|United States Senator|
October 27, 1849 – March 4, 1855
|Preceded by||Sidney Breese|
|Succeeded by||Lyman Trumbull|
|United States Senator|
May 11, 1858 – March 4, 1859
|Succeeded by||Morton Wilkinson|
|United States Senator|
January 27, 1879 – March 4, 1879
|Preceded by||David Armstrong|
|Succeeded by||George Vest|
|Born||May 10, 1810|
Altmore, County Tyrone, Ireland
|Died||June 1, 1879 (aged 69)|
|Service/branch||United States Army|
|Years of service||1846 - 1848; 1861 - 1862|
American Civil War
James Shields (May 10, 1810 – June 1, 1879) was an American politician and United States Army officer who was born in Altmore, County Tyrone, Ireland. Shields, a Democrat, is the only person in United States history to serve as a U.S. Senator for three different states. Shields was a senator from Illinois 1849 to 1855, in the 31st, 32nd, and 33rd congresses, from Minnesota from May 11, 1858 to March 4, 1859, in the 35th congress, and from Missouri from January 27, 1879 to March 4, 1879, in the 45th congress.
Early life and career[edit | edit source]
A descendant of the Ó Siadhail clan, Shields was the nephew of another James Shields, also born in Ireland, who was a Congressman from Ohio. The younger Shields immigrated to the United States around 1826 and settled in Kaskaskia, Randolph County, Illinois where he studied and later practiced law. He served as a member of the Illinois House of Representatives, beginning to serve in 1836, and then as an Illinois Supreme Court justice and in 1839 as the state auditor. (He was elected when not yet a citizen; Illinois then required only that a legislator have been resident in the state for six months.) Shields nearly fought a duel with Abraham Lincoln on September 22, 1842. Lincoln had published an inflammatory letter in a Springfield, Illinois, newspaper, the Sangamon Journal that poked fun at Shields, the State Auditor. Lincoln's future wife and her close friend, continued writing letters about Shields without his knowledge. Taking offense to the articles, Shields demanded "satisfaction" and the incident escalated to the two parties meeting on a Missouri island called Sunflower Island, near Alton, Illinois to participate in a duel. Lincoln took responsibility for the articles and accepted the duel. Just prior to engaging in combat, Lincoln made it a point to demonstrate his advantage by easily cutting a branch just above Shields' head, the two participants' seconds intervened and were able to convince the two men to cease hostilities, on the grounds that Lincoln had not written the letters.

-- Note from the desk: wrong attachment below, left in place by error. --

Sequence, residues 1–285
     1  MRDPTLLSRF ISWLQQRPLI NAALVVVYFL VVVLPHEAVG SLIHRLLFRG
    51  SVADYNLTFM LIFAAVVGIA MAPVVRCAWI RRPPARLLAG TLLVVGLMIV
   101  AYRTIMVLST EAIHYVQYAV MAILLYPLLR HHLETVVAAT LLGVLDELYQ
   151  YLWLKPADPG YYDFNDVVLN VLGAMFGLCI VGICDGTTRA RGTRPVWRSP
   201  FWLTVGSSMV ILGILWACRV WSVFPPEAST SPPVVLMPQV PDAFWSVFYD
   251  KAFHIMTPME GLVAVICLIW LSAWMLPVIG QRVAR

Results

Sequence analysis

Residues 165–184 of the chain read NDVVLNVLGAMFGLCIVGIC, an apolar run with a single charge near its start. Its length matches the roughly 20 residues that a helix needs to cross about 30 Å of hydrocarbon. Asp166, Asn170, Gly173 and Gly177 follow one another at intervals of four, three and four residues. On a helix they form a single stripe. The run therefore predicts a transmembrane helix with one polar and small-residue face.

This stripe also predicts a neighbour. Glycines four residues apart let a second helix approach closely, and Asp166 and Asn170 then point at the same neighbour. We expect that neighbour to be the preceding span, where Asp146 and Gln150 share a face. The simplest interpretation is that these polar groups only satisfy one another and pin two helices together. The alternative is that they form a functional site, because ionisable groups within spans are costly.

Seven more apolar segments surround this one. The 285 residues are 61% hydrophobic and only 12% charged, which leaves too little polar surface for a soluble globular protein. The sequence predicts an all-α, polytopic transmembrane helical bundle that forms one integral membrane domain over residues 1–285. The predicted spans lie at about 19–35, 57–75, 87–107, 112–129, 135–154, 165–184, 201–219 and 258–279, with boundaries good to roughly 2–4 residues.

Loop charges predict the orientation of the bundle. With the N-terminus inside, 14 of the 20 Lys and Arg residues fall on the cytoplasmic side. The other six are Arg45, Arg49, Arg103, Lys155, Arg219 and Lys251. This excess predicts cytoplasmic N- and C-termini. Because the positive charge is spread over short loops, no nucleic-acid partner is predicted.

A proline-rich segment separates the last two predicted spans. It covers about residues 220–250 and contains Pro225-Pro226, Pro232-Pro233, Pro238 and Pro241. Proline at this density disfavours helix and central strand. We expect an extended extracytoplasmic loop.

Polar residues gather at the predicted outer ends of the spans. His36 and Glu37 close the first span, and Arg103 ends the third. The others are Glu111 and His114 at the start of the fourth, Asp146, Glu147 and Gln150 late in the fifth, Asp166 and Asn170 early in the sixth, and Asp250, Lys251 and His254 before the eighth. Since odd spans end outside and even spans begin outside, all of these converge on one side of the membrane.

Subsequently, Shields served as a Judge of the Illinois Supreme Court, and as Commissioner of the U.S. General Land Office. On July 1, 1846, he was commissioned a brigadier general of volunteers to fight in the Mexican-American War. He served under Zachary Taylor along the Rio Grande. He commanded the 3rd Brigade, Volunteer Division, at the battles of Vera Cruz and Cerro Gordo, where he was wounded. He returned to fight at the battles of Contreras and Churubusco, his brigade now part of the 4th Division. He was again wounded at the Battle of Chapultepec. Following the war, on August 14, 1848, he was nominated by President Polk, and confirmed by the United States Senate to serve as governor of Oregon Territory that was created that same day. However, he declined the position and Joseph Lane was nominated and became the first governor of the new territory. He resigned to run for the Senate from Illinois. His election was voided by the Senate on the grounds that he had not been a United States citizen for the nine years required by the United States Constitution; having been naturalized October 21, 1840. He returned to Illinois and campaigned for re-election, and won the special election to replace himself, and was then seated.